THE APOSTOLIC CHURCH
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THE APOSTOLIC CHURCH book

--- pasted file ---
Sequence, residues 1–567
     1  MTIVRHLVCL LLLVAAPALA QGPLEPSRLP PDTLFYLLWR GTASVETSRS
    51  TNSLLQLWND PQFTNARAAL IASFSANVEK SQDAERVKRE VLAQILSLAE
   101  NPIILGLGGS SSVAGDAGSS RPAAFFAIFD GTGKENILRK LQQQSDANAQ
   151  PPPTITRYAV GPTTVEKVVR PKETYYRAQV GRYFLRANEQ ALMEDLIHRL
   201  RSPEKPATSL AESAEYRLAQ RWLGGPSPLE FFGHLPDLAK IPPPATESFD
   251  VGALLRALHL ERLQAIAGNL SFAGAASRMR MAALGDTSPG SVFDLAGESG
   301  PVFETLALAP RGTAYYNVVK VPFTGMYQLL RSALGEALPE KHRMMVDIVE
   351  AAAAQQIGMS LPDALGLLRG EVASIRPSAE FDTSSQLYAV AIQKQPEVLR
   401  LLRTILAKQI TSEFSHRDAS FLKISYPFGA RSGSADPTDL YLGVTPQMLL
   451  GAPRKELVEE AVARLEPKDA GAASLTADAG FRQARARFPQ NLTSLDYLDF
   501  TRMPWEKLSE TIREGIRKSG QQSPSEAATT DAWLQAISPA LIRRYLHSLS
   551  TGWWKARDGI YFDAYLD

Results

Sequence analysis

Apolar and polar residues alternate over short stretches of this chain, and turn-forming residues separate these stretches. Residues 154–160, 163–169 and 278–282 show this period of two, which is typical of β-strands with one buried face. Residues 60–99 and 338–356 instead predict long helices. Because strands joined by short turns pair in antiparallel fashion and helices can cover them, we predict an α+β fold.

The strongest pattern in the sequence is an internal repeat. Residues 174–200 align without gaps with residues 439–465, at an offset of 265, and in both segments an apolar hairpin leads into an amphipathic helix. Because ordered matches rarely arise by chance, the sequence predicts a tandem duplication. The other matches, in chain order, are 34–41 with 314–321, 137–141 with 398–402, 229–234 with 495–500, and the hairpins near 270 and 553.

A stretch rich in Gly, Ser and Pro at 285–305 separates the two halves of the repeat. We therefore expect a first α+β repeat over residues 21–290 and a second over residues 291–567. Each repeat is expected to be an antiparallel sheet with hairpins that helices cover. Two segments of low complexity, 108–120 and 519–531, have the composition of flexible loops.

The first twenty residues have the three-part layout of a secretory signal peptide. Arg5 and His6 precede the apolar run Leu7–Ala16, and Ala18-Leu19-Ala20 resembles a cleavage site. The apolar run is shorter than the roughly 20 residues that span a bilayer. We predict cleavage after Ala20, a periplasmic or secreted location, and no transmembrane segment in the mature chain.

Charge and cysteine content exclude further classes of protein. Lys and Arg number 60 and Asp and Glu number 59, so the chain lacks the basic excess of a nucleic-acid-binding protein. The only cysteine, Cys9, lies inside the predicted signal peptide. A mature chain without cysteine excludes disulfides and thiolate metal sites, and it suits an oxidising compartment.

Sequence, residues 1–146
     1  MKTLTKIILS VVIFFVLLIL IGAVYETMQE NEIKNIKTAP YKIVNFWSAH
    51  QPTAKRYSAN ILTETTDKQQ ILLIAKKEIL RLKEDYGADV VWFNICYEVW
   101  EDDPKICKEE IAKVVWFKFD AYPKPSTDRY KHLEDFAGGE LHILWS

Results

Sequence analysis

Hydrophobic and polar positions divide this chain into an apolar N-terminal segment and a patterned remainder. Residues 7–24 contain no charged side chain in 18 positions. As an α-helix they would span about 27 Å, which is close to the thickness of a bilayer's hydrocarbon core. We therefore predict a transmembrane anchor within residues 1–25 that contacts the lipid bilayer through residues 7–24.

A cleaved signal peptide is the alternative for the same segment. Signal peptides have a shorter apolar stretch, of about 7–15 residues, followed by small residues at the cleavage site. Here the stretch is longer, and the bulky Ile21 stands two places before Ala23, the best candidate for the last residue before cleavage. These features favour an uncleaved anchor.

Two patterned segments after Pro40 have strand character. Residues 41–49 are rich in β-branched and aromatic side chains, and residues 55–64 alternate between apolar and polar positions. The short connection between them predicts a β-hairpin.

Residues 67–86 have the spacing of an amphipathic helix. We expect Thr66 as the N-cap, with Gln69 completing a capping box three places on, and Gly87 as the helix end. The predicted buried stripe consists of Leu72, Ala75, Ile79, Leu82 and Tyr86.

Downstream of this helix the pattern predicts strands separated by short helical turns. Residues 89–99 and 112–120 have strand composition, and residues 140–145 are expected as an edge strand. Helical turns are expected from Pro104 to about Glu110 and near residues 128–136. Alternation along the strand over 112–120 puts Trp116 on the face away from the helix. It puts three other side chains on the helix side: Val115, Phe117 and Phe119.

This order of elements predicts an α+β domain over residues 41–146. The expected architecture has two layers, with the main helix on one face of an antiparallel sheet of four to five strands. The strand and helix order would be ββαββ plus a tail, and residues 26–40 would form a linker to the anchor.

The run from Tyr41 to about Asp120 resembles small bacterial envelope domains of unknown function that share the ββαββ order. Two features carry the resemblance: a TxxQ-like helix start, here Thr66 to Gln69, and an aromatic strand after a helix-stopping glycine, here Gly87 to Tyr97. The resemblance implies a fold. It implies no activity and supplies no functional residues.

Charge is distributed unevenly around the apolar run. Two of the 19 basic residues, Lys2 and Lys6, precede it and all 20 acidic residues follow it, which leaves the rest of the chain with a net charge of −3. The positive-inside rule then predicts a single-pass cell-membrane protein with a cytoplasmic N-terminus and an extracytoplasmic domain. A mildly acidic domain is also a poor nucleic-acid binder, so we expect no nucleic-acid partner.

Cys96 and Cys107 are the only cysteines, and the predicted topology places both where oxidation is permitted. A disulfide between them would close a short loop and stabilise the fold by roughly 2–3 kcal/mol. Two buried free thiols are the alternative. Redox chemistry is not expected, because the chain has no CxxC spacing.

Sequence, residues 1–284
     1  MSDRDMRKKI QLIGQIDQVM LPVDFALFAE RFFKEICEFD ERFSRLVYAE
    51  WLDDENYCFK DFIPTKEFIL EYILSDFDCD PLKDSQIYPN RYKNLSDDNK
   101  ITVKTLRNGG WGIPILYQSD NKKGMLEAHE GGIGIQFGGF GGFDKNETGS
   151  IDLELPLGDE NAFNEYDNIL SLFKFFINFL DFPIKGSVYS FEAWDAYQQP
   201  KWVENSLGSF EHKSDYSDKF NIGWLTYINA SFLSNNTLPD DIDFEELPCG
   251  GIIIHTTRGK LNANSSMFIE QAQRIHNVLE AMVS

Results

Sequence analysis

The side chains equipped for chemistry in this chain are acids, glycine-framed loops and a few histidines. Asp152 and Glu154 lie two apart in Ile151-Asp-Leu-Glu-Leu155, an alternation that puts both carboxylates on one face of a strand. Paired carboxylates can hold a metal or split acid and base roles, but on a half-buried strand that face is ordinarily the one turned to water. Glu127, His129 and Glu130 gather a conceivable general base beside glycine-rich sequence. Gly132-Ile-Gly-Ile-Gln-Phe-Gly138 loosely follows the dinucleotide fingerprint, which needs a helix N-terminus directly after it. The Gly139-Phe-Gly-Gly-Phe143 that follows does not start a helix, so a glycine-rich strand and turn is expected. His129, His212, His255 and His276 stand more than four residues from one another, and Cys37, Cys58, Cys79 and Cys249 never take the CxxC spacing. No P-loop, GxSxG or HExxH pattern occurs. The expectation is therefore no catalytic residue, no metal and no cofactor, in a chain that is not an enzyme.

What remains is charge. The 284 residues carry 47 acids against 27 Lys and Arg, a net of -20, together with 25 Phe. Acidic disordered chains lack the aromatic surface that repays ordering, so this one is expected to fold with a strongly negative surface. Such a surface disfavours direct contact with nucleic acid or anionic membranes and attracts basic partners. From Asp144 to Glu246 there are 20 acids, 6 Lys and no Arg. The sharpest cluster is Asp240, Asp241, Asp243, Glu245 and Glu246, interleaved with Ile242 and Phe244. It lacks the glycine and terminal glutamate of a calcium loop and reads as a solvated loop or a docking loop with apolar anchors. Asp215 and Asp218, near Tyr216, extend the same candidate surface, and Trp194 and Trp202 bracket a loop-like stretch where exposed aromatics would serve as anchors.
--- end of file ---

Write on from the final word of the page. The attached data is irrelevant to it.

AT whatever date we place the actual birth of the new society, whether on the occasion of S. Peter’s great confession at Caesarea Philippi or on the evening of the Lord’s resurrection, there can be little doubt that by Pentecost the Twelve were fully conscious of their mission as the propagators of a new religion, or at least of a new edition of the old religion. They had taken pains to maintain their own precise number and had filled the place left vacant by the death of the traitor. When they first began their propaganda under the leadership of Peter they announced that the long-expected Messiah had appeared in the person of Jesus, and that although He had been put to death as a malefactor His divine authority was proved by His resurrection. Shortly He would come again in glory to inaugurate a reign of righteousness and peace, and those who wished to share in the privileges of that new age should accept Him as Messiah, conform to His moral standards and enter His fellowship by undergoing the rite of baptism. Any difficulties that might be felt about a Messiah who conformed so little to the usual grandiose Jewish conceptions they swept away by declaring that the true Messiah had in point of fact been foreshadowed in the Suffering Servant of Isaiah, and by contending that, rightly understood, all the Jewish scriptures pointed to this ideal, which had been realised in Jesus of Nazareth. Such an interpretation of the national history they evidently expected their countrymen to accept, and they set themselves to build up on this basis a New Israel, in whom the divine promises should receive fulfilment.